About Me

My photo
Melfort, Saskatchewan, Canada
I am a lawyer in Melfort, Saskatchewan, Canada who enjoys reading, especially mysteries. Since 2000 I have been writing personal book reviews. This blog includes my reviews, information on and interviews with authors and descriptions of mystery bookstores I have visited. I strive to review all Saskatchewan mysteries. Other Canadian mysteries are listed under the Rest of Canada. As a lawyer I am always interested in legal mysteries. I have a separate page for legal mysteries. Occasionally my reviews of legal mysteries comment on the legal reality of the mystery. You can follow the progression of my favourite authors with up to 15 reviews. Each year I select my favourites in "Bill's Best of ----". As well as current reviews I am posting reviews from 2000 to 2011. Below my most recent couple of posts are the posts of Saskatchewan mysteries I have reviewed alphabetically by author. If you only want a sentence or two description of the book and my recommendation when deciding whether to read the book look at the bold portion of the review. If you would like to email me the link to my email is on the profile page.

Friday, April 27, 2012

The Case of Trish Vickers and the Empty Pen

In my daily journey through the blogs I follow I was looking at the blog of Saskatchewan mystery author, Anthony Bidulka, a few days ago and clicked on a link to the New York Times and the remarkable story of Trish Vickers. I went on to read stories about her in The Telegraph, The Mail and the Dorset Echo.

Mrs. Vickers, 59 years old, resides at Charmouth and lost her sight because of diabetes 7 years ago.

She took up writing. Not using a computer she was able to write with a pen on paper with rubber bands stretched across the page to keep the lines separated.

Initially she wrote poetry and then turned to writing a novel.

The Times stated:

Mrs. Vickers told reporters that her book, which she has tentatively titled “Grannifer’s Legacy,” centers on a woman named Jennifer who loses her job, her boyfriend and her great-great-grandmother, her lifelong mentor, and who then successfully rebuilds her life.

Her son, Simon, would visit each week to read back to her what she had written and a volunteer would type up her latest work.

She had a productive stretch of writing one week that had her complete 26 pages. Unfortunately, when Simon came to visit he had to tell her the pages were blank. Her pen had run dry as she started to write and nothing was on the paper.

I thought of how frustrated I get if I manage to lose a few pages on the computer. To have 26 pages disappear of handwritten work would be devastating. Every writer can relate to Mrs. Vickers.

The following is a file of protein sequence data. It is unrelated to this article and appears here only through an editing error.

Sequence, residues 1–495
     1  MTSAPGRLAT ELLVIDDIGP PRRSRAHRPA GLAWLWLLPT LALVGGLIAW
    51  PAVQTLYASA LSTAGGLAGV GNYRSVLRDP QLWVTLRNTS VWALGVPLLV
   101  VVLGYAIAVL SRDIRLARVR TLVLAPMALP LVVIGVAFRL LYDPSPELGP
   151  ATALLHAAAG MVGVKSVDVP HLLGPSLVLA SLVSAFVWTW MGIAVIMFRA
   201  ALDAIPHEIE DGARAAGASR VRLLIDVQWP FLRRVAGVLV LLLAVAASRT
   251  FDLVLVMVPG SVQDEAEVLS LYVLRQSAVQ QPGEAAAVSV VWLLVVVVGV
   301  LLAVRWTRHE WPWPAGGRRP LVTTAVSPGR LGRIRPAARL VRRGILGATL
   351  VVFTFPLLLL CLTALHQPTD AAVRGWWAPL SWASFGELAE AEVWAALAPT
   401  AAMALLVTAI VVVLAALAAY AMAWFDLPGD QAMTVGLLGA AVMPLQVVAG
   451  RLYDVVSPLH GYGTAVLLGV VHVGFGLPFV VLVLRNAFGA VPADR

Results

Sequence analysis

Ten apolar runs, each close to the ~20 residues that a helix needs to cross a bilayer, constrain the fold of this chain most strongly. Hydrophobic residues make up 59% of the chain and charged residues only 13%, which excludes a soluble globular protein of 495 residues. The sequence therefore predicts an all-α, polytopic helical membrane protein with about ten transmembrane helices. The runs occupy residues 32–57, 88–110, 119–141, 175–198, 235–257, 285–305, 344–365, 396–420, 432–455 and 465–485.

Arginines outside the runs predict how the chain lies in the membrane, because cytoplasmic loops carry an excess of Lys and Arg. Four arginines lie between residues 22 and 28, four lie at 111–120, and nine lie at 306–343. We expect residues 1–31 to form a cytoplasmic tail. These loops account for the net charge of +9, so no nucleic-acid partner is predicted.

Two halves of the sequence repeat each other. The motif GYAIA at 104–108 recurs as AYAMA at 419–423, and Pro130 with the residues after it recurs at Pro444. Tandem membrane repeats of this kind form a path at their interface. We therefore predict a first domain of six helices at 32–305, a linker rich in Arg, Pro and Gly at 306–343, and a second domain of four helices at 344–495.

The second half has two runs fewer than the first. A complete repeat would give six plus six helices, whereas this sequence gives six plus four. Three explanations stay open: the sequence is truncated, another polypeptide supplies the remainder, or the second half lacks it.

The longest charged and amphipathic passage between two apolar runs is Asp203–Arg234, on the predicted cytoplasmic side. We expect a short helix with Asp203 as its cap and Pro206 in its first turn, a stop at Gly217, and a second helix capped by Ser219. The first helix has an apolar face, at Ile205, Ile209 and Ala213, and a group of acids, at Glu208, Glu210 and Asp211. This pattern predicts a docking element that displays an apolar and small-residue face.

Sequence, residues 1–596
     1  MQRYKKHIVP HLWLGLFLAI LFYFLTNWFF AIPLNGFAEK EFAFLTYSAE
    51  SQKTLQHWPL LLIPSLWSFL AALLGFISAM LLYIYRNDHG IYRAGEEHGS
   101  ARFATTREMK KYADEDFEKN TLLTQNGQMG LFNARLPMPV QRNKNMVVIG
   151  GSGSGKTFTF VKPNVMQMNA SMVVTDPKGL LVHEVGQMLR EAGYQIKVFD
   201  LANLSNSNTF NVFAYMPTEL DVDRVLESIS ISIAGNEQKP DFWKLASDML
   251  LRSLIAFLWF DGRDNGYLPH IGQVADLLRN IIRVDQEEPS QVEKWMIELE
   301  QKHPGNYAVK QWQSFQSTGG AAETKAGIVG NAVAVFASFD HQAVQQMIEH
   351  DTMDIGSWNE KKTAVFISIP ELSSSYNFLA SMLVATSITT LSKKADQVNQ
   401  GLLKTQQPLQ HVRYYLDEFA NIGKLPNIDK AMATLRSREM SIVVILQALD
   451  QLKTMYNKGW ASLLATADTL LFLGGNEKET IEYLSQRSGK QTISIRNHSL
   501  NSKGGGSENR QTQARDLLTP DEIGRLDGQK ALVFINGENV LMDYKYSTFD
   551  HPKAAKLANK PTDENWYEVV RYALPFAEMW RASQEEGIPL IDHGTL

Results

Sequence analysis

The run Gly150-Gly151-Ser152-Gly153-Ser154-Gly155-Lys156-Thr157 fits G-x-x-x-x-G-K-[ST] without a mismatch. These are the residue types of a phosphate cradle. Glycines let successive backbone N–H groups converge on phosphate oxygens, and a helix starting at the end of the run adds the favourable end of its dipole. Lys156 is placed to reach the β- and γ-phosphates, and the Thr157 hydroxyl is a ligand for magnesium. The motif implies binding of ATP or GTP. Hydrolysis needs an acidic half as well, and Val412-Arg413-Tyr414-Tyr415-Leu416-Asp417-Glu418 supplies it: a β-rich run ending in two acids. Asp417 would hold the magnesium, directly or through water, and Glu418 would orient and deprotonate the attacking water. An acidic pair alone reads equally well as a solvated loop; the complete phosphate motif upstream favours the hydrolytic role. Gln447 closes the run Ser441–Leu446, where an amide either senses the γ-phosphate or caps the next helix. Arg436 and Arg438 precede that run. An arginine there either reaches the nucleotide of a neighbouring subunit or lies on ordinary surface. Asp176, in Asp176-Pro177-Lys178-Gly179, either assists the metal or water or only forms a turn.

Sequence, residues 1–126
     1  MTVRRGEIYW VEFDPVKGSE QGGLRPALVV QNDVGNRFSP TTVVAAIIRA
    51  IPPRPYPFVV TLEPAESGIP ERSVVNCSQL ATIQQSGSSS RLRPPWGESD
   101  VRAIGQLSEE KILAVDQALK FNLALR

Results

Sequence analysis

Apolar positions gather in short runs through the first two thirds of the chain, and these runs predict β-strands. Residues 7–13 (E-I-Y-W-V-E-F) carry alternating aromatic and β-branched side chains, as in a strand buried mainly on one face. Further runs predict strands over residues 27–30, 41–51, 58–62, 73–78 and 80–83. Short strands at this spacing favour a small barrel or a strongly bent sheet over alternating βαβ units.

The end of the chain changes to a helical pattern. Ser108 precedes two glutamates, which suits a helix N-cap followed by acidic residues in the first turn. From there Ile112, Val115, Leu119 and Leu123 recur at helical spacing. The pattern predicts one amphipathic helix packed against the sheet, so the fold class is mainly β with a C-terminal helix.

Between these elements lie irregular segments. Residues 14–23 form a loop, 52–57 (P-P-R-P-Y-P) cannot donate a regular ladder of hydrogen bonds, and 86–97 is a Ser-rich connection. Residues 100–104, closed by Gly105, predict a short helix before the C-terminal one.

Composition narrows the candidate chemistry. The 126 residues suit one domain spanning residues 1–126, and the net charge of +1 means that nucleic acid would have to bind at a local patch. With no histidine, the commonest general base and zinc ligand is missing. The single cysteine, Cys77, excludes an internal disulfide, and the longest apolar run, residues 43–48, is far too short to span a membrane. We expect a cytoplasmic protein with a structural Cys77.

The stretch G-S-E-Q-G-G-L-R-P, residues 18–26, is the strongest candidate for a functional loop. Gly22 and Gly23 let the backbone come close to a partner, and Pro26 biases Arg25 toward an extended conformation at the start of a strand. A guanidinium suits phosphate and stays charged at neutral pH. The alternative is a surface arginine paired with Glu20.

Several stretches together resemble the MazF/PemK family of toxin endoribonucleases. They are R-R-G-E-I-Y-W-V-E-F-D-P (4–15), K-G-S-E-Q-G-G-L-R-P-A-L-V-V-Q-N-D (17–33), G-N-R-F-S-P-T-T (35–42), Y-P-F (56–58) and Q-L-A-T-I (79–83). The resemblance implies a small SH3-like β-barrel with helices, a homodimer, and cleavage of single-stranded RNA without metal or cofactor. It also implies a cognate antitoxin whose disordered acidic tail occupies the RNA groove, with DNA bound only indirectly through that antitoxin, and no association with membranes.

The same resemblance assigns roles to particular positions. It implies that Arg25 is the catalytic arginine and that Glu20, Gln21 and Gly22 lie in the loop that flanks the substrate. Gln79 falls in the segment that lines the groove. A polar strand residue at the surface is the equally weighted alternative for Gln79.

When Simon and Mrs. Vickers could not come up with a means of restoring what she was written they called the Dorset police and asked if the fingerprint section could help them.

The police offered to help and a female expert during her lunch hours, using lights at different angles to read the indentations left by the pen on the paper, was able to recover what had been written.

In The Telegraph she said:

“I could remember the gist of what I had written but there was no way I could have written exactly the same way again,” she said. “I am so grateful. It was really nice of them and I want to thank them for helping me out.”

It is a real life mystery story without a body in sight and a happy ending because of a dedicated member of the police going out of her way.


  1. Bill - Wow! What a terrific story. And I am so impressed that the police were willing to take the time and go through the effort of helping recover what Ms. Vickers had written. That's just amazing on a technical level as well as a clear example of "the right thing to do." Thank you for bringing this story to our attention. What a woman! What a story!

  2. Bill, I totally agree with Ms. Kinberg. This is truly an amazing story. The police coming to Ms. Vickers' aid makes this story even more touching. They knew her sad plight and rushed in to help her. Next time I'm going to think twice before I grumble about my PC slowing down. Thanks for sharing this lovely story.

  3. I was amazed by this story when I read it in my daily paper (The Times) - how inspiring and positive.

  4. Margot: Thanks for the comment. My day was better for having read the story.

  5. Prashant: Thanks for the comment. We take for granted my people providing public service. It was encouraging to see assistance in a special way.

  6. Maxine: Thanks for commenting. We all need to be inspired and reminded we can help others.